The last NBA Rookie of the Year to make the playoffs in the same season was Amar’e Stoudemire in 2002-03. This is a boring, unremarkable fact. Derrick Rose was next to do it in 2009, but his game won’t be remembered that he took part so much as who he took apart — the defending champion Boston Celtics at home. He dropped an eye-popping 36 points (tying a debut record) and 11 assists on the second-seeded Celtics on the road. Chicago walked away the 105-103 winner. It may be subjective, but doesn’t thinking that it could be a very long time before anyone comes close to Rose’s feat feel like bedrock truth? Caught in summer doldrums thinking about some of the best, recent performances and the chances they’ll be replicated bring me to the rookie’s performance, which was the start to the most entertaining first-round series I’ve ever watched.
Getting to seven games with the Big Three (pre-Rajon Rondo breakout) Celtics happened because Rose set the tone in the first go-round. Boston was 21 wins better than Chicago in the regular season, which had engineered an eight-game turnaround but still languished on defense in the bottom third of points per game allowed. Da Bulls didn’t inspire confidence. Rose did as the ROY — and then he served up his best game of the season in his first playoff game. The most points he’d scored all season was 27, while he hadn’t broken double-digits in attempts or makes from the free throw line before hitting all 12-of-12 on Boston.
There are more dramatic retellings of that game available on YouTube, but this is more clear-eyed at showing the spectrum of his dominance that night. Rose played fast as a rookie — like the sprint layup following Rajon Rondo‘s basket early in the tape — but he rarely played dumb. A player of Rose’s caliber will always take what’s given him and I have no doubt he would have dunked on KG had an opportunity presented itself on the first series. His start in Boston, with a dump lob to Joakim Noah and then a barely contested pull-up jumper to test himself, is smart precisely because a player as good as Rose — who doesn’t have any long-term limitations — knew his short-term best interest wouldn’t involve playing out of control.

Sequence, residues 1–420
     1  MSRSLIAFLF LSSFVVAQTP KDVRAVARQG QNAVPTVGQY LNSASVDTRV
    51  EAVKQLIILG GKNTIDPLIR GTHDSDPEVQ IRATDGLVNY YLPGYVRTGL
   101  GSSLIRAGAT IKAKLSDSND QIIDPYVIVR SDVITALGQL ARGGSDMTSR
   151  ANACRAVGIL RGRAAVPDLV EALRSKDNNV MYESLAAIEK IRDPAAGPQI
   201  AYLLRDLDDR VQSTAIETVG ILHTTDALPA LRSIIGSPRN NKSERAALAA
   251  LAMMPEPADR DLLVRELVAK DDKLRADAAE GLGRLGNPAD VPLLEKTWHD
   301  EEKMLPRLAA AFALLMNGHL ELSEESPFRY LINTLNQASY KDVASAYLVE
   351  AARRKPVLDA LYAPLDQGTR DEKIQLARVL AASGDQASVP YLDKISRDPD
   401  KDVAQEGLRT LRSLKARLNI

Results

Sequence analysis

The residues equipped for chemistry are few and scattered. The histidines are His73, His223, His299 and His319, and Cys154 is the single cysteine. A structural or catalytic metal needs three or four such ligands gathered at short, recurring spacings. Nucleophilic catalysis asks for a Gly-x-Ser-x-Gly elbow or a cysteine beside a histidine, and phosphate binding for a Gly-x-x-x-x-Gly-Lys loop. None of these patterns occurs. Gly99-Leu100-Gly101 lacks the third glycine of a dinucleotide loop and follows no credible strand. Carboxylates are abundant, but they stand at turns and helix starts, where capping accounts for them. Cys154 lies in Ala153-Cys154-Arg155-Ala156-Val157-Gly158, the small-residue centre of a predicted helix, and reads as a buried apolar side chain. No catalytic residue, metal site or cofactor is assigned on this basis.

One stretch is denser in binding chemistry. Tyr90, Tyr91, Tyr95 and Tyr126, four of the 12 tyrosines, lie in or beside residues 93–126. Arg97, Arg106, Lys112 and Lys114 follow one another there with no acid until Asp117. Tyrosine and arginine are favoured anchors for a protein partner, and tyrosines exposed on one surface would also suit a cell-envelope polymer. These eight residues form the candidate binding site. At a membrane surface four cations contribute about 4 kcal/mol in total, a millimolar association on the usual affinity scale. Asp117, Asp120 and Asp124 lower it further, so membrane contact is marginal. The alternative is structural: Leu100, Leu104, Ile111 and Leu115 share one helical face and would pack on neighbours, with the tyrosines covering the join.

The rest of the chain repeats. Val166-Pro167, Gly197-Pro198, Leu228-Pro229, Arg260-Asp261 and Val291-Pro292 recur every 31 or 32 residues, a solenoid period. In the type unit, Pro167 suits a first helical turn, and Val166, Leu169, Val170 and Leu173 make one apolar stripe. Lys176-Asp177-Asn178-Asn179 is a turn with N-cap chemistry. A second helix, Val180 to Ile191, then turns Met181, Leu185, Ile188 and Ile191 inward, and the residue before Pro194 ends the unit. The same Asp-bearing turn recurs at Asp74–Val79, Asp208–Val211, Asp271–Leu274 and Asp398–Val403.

Something clicks in that video in the third quarter, where everyone in the arena realized he’d gone from playing smart to playing with a glee so unexpected and murderous something analogous hadn’t been spotted again until the “Django Unchained” trailer dropped. You can hear it in the cautious howls of the pockets of Bulls fans and somewhere, fairly faint, a collective gulp from the Boston faithful. Those fans obsess over their basketball, and they knew they were witnessing the finest debut since Kareem Abdul-Jabbar went for 36 with Milwaukee in 1970. His back-to-back runners over Kendrick Perkins, the blow-by of a suddenly old-man Stephon Marbury and the shake of Rondo with 32 seconds left, all of it’s the stuff most players would gladly put on their LinkedIn; Rose is doing it in his first try. The video’s cold-cut catalog of highlights eschews a dramatic score, leaving you to feel like you’re watching a sterile autopsy of Boston’s 2008-09 confidence.
The Celtics, of course, would escape in Game 7 with the first-round win. It wasn’t a total loss for Chicago, whose series may have persuaded Celtics assistant Tom Thibodeau into believing in the Bulls’ promise once Vinny Del Negro was canned a year later. Thibodeau would lead Chicago to the No. 1 seed the next season and saw Rose win MVP on his watch. All facts, though all pretty astounding nonetheless. And still, that genesis has nothing on Rose’s playoff origin story.
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